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Shenandoah's $2,500 Glasgow Prize for Emerging Writers Goes to Catherine Barnett
Catherine Barnett of New York, NY has been named recipient of the 2004 Glasgow Prize for Emerging Writers, awarded annually by Shenandoah and Washington and Lee University, for her book Into Perfect Spheres Such Holes Are Pierced (Alice James Books, 2004). Poets who have published one book of poetry were eligible for consideration for the $2,500 prize. As part of the prize, Barnett will also give a reading at Washington and Lee University during the 2004-05 academic year. Poet Talvikki Ansel was recipient of the first Glasgow Prize awarded in 2001.
Barnett’s poetry has appeared in Barrow Street, The Iowa Review, The Massachusetts Review and elsewhere. She has published essays on poets Billy Collins (Teachers & Writers Magazine, March-April 2002), Adrienne Rich (World Poets, Scribner’s, 2000) and Zora Neale Hurston (Sing the Sun Up: Creative Writing Ideas from African American Literature (Teachers & Writers Collaborative, 1998). Barnett’s collection of poems was also winner of the 2003 Beatrice Hawley Award. She is a graduate of Princeton University and the MFA Program for Writers at Warren Wilson College and currently teaches at New York University and Teachers and Writers Collaborative in New York City.
Receiving honorable mentions for the 2004 Glasgow Prize were Miracle Fruit (Tupelo Press, 2003) by Aimee Nezhukumatathil of Dunkirk, NY and Open House: Poems (Zoo Press, 2002) by Beth Ann Fennelly of Oxford, MS.
Next year’s Glasgow Prize will go to a writer who has published only one book of creative nonfiction. The judge will be announced after the winner has been selected. Submissions should be sent to R. T. Smith, c/o The Glasgow Prize, Shenandoah, Mattingly House, 2 Lee Avenue, Washington and Lee University, Lexington, VA 24450-0303 and must be postmarked between March 15 and March 31, 2005. All contestants should include a vita, one copy of the submitted book, an unpublished essay, an sase and a submission fee of $22 (either from the author or publisher), which also brings a year’s subscription to Shenandoah.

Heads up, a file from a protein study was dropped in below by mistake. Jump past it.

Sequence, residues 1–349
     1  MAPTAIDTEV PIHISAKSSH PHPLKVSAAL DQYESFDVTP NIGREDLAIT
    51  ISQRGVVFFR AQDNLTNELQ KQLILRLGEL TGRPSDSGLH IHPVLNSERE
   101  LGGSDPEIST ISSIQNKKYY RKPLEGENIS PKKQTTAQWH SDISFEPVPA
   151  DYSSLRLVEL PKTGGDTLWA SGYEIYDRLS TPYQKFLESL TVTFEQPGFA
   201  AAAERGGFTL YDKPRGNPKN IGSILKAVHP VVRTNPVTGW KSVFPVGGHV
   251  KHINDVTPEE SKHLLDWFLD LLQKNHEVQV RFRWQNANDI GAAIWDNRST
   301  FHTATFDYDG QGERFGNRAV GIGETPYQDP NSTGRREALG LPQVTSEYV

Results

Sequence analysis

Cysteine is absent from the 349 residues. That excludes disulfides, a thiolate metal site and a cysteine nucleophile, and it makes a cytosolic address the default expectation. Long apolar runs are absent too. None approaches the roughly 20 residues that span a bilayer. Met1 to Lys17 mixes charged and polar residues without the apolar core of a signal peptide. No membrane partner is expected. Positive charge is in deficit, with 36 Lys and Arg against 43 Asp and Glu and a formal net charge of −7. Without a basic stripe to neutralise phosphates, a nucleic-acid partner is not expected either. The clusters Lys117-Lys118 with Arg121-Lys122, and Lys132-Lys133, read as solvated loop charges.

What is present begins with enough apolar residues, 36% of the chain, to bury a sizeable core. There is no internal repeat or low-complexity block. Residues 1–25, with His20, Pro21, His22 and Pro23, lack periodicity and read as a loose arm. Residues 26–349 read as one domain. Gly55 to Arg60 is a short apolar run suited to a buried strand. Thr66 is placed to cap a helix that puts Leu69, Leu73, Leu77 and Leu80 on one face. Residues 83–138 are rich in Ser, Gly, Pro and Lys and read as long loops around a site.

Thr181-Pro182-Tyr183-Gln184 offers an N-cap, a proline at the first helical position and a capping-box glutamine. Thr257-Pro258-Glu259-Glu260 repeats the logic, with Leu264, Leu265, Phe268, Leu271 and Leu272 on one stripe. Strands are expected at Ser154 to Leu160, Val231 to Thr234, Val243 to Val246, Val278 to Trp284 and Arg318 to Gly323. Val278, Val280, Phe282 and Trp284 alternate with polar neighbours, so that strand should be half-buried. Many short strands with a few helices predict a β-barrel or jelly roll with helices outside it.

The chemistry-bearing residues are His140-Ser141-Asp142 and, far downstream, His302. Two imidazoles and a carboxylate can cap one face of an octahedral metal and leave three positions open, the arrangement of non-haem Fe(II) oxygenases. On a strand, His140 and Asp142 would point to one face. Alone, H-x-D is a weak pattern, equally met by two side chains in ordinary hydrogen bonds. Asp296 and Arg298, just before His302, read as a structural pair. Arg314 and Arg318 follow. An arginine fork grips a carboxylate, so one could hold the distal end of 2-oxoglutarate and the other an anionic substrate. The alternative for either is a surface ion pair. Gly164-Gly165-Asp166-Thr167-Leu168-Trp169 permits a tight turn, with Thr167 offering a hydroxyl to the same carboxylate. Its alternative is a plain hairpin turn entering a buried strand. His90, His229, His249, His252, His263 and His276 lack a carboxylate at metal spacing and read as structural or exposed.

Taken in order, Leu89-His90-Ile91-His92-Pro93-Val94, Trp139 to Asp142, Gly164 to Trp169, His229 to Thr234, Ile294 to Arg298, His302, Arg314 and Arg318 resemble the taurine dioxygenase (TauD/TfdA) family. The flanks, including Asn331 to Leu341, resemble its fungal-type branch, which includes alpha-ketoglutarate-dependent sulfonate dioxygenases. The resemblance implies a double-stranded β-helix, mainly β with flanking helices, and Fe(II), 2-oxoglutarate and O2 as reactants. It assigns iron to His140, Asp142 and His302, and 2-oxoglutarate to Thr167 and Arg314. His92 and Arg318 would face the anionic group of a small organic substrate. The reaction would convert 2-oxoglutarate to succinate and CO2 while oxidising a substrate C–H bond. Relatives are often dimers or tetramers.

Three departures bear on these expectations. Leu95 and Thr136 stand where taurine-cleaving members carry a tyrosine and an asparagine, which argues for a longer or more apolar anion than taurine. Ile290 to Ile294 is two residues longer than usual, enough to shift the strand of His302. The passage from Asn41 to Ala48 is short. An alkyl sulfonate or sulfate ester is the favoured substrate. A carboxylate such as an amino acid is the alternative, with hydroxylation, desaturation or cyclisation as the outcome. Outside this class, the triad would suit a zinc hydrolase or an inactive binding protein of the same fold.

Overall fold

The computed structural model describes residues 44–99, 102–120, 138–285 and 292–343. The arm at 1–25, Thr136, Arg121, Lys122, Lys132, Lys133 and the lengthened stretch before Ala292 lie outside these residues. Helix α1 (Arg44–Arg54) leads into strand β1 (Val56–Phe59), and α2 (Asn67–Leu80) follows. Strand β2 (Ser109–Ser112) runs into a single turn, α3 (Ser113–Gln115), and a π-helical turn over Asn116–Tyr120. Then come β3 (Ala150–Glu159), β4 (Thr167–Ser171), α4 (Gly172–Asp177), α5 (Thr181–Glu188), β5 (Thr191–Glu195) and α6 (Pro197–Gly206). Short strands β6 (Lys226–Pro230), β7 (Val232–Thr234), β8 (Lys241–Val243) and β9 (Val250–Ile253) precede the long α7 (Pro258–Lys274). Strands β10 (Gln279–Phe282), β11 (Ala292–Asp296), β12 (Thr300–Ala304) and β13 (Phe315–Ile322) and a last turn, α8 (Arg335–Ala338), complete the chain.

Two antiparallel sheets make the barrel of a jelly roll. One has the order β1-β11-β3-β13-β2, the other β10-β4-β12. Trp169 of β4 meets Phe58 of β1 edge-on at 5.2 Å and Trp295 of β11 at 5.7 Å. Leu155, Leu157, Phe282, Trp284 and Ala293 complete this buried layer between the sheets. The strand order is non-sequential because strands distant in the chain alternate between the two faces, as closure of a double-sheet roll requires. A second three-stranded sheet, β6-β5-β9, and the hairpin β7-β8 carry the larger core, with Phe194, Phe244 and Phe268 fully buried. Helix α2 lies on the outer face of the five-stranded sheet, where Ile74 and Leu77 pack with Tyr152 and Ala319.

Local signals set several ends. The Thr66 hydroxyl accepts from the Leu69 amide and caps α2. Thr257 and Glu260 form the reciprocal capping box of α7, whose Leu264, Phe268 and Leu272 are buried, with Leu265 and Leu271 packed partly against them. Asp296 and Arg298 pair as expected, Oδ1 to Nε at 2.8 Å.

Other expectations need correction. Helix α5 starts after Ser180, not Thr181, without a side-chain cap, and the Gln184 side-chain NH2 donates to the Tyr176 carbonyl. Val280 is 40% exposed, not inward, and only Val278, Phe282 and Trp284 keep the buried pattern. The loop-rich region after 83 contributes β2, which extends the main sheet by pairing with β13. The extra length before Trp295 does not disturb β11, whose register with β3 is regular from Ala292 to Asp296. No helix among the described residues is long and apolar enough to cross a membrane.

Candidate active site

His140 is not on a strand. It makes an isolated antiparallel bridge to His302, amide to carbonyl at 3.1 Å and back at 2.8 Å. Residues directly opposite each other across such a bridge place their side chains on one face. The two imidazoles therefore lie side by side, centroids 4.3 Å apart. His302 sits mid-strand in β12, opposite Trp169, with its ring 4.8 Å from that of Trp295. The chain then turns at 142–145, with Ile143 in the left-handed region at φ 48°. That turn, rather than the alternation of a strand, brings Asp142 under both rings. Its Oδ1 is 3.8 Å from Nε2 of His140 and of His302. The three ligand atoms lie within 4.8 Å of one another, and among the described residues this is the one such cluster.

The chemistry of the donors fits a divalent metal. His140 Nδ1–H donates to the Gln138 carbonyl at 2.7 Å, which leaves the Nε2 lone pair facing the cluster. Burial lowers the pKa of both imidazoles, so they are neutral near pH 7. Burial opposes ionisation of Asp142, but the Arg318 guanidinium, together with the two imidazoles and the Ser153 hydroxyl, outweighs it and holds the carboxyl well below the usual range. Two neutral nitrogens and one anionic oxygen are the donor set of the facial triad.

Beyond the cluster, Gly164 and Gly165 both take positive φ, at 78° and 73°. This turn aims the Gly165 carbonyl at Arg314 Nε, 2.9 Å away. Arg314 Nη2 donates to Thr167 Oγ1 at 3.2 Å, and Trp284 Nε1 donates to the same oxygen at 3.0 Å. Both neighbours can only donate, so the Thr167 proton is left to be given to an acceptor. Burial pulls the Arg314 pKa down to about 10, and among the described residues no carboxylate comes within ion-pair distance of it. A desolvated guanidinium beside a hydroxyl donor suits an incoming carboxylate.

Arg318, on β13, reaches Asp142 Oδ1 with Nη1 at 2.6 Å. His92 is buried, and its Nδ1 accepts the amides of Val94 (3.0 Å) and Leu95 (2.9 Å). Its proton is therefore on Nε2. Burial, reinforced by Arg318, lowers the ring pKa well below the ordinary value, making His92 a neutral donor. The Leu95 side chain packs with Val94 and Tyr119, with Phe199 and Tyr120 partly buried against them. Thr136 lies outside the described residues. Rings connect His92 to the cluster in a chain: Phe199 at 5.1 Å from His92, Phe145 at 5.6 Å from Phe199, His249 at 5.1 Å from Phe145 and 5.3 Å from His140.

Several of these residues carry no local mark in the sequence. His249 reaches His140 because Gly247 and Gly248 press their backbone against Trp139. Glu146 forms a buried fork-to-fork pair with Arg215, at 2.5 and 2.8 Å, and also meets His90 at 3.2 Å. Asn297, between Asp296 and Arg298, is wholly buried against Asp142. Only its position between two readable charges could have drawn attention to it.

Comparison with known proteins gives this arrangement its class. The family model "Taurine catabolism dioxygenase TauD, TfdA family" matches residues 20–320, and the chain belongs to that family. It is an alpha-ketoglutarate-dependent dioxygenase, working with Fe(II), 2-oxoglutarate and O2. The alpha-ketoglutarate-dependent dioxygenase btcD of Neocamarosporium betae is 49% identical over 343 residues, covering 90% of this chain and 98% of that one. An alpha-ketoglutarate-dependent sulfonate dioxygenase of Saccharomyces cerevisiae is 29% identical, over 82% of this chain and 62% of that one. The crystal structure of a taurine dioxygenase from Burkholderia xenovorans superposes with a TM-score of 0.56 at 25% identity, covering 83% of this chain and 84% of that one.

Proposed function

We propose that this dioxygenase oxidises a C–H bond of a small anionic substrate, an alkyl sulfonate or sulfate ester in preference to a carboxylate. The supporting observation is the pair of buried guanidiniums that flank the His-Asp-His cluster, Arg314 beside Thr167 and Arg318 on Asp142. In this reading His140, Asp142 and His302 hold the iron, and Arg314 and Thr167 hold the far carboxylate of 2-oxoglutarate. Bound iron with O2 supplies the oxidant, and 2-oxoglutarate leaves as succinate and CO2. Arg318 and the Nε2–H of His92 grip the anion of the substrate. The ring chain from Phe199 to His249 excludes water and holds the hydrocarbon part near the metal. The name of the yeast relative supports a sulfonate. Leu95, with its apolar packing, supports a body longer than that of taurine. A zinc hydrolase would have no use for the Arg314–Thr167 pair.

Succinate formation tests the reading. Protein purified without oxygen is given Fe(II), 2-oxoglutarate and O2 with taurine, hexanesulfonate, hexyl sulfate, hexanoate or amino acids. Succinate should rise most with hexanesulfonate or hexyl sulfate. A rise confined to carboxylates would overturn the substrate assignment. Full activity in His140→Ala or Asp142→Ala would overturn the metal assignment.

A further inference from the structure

Spark's Notebook on Film
In 1996, the world was introduced to the romantic tales of Nicholas Sparks with his first novel, The Notebook. The story captured readers imaginations and lead to the sequel, The Wedding. Nicholas Sparks says the inspiration for Noah and Allie was the story of his wife's grandparents. "They had a truly magical relationship, one that withstood the test of time and circumstance. When I first met them, they had been married over sixty years and I remember marveling at how much they still seemed to care for each other. The Notebook attempts to describe such a love."
This summer the story is retold as a feature film starring Ryan Gosling (Noah Calhoun) and Rachel McAdams (Allie Hamilton). James Garner and Gena Rowlands capture the aging Noah and Allie as he reads "the notebook" to her each day to help her remember their love. The Notebook is a classic film romance done with the style of Hollywood's Golden Years.
A world premiere of the beloved children's book! Ms. Deedy brings the award-winning story about a thick-skinned librarian with a burning love of books to the Alley Stage at Theatre in the Square in Marietta, Georgia.
Elvis on Stage
The world is celebrating the 50th Anniversary of Elvis's first recording. The King is on the musical theatre stage in two productions.
Shook Up, a new musical comedy inspired by and featuring the songs of Elvis
Presley, will begin previews February 20, 2005, and open March 24, 2005, at
Broadway's Palace Theatre (1564 Broadway at 47th Street). Directed
by Christopher Ashley, with a book by Joe DiPietro, choreography by Jodi Moccia,
and musical direction and arrangements by Stephen Oremus, All Shook Up
will receive its world premiere in Chicago in a five-week, pre-Broadway
engagement at Chicago’s Cadillac Palace Theatre, December 21, 2004 through
January 23, 2005.
Across the Pond, Jailhouse Rock -- The Musical (Playwrights: Rob Bettinson, Alan Janes) continues to play at London's Piccadilly Theatre through September 18, 2004. The show is loosely based on the 1957 movie -- loosely in the sense that they've kept the plot but failed to secure rights to the Lieber and Stoller songs, including the hit title number. So, the musical does not include the film classics: "Jailhouse Rock," "Treat Me Nice," "Don't Leave Me Now," and "Young and Beautiful."
The only early Presley songs included are "Blue Suede Shoes," "Good Rockin' Tonight," "A Fool Such as I" and "Are You Lonesome Tonight?" The two showstoppers are songs made famous by with country star Charlie Rich -- "Lonely Weekends" and "Big Boss Man."